International Towers Residents to be Relocated by Noon Friday

YOUNGSTOWN, Ohio – There’s still no decision on the fate of the Realty Tower downtown.

Meanwhile, the property management team of International Towers set a deadline of noon Friday for all residents of that building to be relocated, according to a media advisory from Mayor Jamael Tito Brown’s office.

“We know this is an incredibly difficult situation for all of the residents at International Towers and the city is continuing to work hard towards a solution regarding the status of Realty Tower so they can return home as quickly as possible,” the advisory stated.

A structural engineering firm hired by the city found that the Realty Tower, 47 E. Federal St., is in imminent danger of collapse without modifications. A May 28 explosion battered the building, killing a Chase Bank employee, injuring several others and displacing the residents of its 23 apartments.

Brown said at a news conference Tuesday that it’s up to the building’s owner, YO Properties, to determine what to do with the building: demolish or stabilize it.

The engineering firm also recommended that all buildings within a 210-foot radius be closed. That distance is based on 1.5 times the height of the building.

That radius includes International Towers, which houses 165 apartment units. Its evacuation started Tuesday. The Stambaugh Building, which houses Bistro 1907 and DoubleTree by Hilton Youngstown Downtown, are within that radius as well. The Stambaugh has been closed, by order of the city fire chief, since the explosion.

Oh Wow! The Roger & Gloria Jones Children’s Center for Science & Technology, located just outside the 210-foot radius, issued an advisory Wednesday urging visitors to use the center’s rear entrance on West Federal Street until further notice.

International Towers is a privately owned income-based apartment building for people who are age 62 and older or who have a disability. 

The United Way of Youngstown and the Mahoning Valley is working with other social service agencies to find places for International Towers residents to relocate.

“We’re looking at 30 days,” Hannon said of the estimated time residents will be in a different location. “Hopefully, it’s less than that. We don’t think it will be more. We’re hoping in three weeks that we can assess and know more.”

He acknowledged, though, that the amount of time depends on the Realty Tower’s owners’ decision regarding the building’s fate.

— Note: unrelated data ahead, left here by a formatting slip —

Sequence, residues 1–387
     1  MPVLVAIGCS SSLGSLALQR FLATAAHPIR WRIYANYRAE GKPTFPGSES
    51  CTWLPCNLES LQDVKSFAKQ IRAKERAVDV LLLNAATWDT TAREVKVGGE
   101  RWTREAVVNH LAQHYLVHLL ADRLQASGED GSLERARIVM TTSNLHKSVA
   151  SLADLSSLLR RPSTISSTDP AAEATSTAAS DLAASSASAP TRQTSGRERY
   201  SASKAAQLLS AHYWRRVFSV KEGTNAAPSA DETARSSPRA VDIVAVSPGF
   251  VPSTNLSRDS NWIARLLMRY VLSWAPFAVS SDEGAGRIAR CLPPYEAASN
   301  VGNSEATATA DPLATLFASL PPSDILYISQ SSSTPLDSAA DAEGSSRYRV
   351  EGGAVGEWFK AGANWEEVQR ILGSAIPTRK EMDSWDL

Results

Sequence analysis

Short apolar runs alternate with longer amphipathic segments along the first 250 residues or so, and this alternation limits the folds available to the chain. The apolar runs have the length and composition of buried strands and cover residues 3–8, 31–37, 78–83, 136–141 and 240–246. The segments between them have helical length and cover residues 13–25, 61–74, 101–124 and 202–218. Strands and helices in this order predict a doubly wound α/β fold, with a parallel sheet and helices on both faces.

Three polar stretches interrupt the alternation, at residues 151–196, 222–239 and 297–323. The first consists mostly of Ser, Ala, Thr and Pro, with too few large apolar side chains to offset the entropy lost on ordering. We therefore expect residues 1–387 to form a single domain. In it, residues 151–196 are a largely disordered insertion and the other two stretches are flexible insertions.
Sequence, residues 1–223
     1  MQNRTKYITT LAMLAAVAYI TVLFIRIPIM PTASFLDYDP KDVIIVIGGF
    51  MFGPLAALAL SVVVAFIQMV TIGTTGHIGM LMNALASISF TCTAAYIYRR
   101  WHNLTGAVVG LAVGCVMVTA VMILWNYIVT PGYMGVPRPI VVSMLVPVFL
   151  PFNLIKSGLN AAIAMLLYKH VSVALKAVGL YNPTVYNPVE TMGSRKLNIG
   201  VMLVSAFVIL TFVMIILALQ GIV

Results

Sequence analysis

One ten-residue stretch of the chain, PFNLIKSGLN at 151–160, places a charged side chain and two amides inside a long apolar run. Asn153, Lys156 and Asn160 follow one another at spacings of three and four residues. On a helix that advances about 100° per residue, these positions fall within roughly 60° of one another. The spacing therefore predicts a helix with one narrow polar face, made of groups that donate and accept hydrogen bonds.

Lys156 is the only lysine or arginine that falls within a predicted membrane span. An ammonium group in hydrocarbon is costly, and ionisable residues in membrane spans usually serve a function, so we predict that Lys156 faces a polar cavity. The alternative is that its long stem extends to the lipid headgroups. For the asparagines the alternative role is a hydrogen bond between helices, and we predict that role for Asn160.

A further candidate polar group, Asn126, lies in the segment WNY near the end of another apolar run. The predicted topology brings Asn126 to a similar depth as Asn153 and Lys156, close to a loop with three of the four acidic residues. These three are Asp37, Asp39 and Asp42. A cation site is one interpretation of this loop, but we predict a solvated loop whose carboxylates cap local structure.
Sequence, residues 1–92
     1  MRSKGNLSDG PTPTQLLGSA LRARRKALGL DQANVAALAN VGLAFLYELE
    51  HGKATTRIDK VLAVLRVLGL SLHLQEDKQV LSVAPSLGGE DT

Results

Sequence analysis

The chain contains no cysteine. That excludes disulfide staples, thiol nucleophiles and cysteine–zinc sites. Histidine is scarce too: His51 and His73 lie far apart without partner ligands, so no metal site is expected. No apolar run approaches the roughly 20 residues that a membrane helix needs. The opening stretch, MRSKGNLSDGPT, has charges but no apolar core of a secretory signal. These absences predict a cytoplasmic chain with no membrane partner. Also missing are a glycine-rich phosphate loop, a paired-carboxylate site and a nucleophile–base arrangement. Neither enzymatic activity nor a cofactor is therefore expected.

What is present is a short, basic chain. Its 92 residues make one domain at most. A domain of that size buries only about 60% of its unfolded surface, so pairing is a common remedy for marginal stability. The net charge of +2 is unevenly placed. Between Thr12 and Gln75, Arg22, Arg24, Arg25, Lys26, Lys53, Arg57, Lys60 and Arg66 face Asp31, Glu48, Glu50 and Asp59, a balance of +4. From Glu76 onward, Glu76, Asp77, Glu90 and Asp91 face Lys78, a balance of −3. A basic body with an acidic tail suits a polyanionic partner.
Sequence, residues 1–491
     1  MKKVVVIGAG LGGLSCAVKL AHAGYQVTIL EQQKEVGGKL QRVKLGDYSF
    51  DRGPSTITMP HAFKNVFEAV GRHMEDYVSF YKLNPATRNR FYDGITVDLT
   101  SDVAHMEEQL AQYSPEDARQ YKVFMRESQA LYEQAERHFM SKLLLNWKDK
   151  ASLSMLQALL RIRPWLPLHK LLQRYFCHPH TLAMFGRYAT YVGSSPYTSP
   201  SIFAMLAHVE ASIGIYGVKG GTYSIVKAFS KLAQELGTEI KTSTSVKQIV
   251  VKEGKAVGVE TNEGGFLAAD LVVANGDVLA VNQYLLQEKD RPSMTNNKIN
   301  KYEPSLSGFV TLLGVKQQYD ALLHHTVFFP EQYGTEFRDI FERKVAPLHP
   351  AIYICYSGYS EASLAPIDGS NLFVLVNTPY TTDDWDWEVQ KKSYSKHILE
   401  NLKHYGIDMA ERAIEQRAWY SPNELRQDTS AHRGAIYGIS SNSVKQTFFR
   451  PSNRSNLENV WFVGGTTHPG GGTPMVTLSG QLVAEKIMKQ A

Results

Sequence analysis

Of the residents at International Towers, 42 have found places to stay with family or friends, leaving 101 who need somewhere to go. 

Through the work of the United Way and other agencies, most of them are being located to other spots in assisted living centers, group homes and similar facilities.

As far as the others? “There’s no question that we’re going to find it,” Hannon said.

Residents include people with mental and physical disabilities, as well as those who are economically disadvantaged and without disabilities. Those without disabilities prove the most challenging to place because their placements aren’t covered by Medicaid, he said.

He met with Youngstown State University officials Wednesday, but because of restrictions in residence halls, such as prohibition against smoking, that won’t work, Hannon said.

Allison Centofanti, a YSU spokeswoman, said in an email that United Way officials took a site tour on campus.

“In the meantime, we are planning to put out a list to our campus community calling for donations based on United Way’s needs,” she said in the email.

The American Red Cross is one of the many agencies involved in providing services to meet the needs of displaced residents.

“The Red Cross is working with the United Way of Youngstown and other community partners to assess the needs of the affected residents of the International Towers, and will provide the support our partners need to make sure the needs of the residents are met,” Jim McIntyre, a spokesman for the American Red Cross Northern Ohio Region, wrote in an email. “The Red Cross responds to disasters by providing immediate short-term assistance to affected residents. We then work with other community resources to help people find longer-term housing solutions.”

The advisory from Brown’s office said that once all residents have been placed, the city fire and police departments will conduct a floor by floor, unit by unit safety and welfare check.

“It is our goal to ensure that the core services and needs the residents rely on are not disrupted,” the advisory states. To that end, providers have collected information from all residents and will continually deliver services to them throughout this temporary relocation.”

The city, in the advisory, also thanked all of the organizations involved in helping the International Towers residents.

The United Way continues to field offers of assistance from restaurants, foundations and civic organizations. And a Downtown Recovery Fund on the United Way website has collected more than $1,000 from individuals.

The assistance effort is focusing on housing as a first step.

“Then, after that, medication and food – that will be the next step,” Hannon said.

Pictured at top: International Towers, at right, sits next to Realty Tower, which was damaged by an explosion May 28. (File photo)

Editor’s note: More coverage of the Realty Tower explosion can be viewed HERE.

Copyright 2024 The Business Journal, Youngstown, Ohio.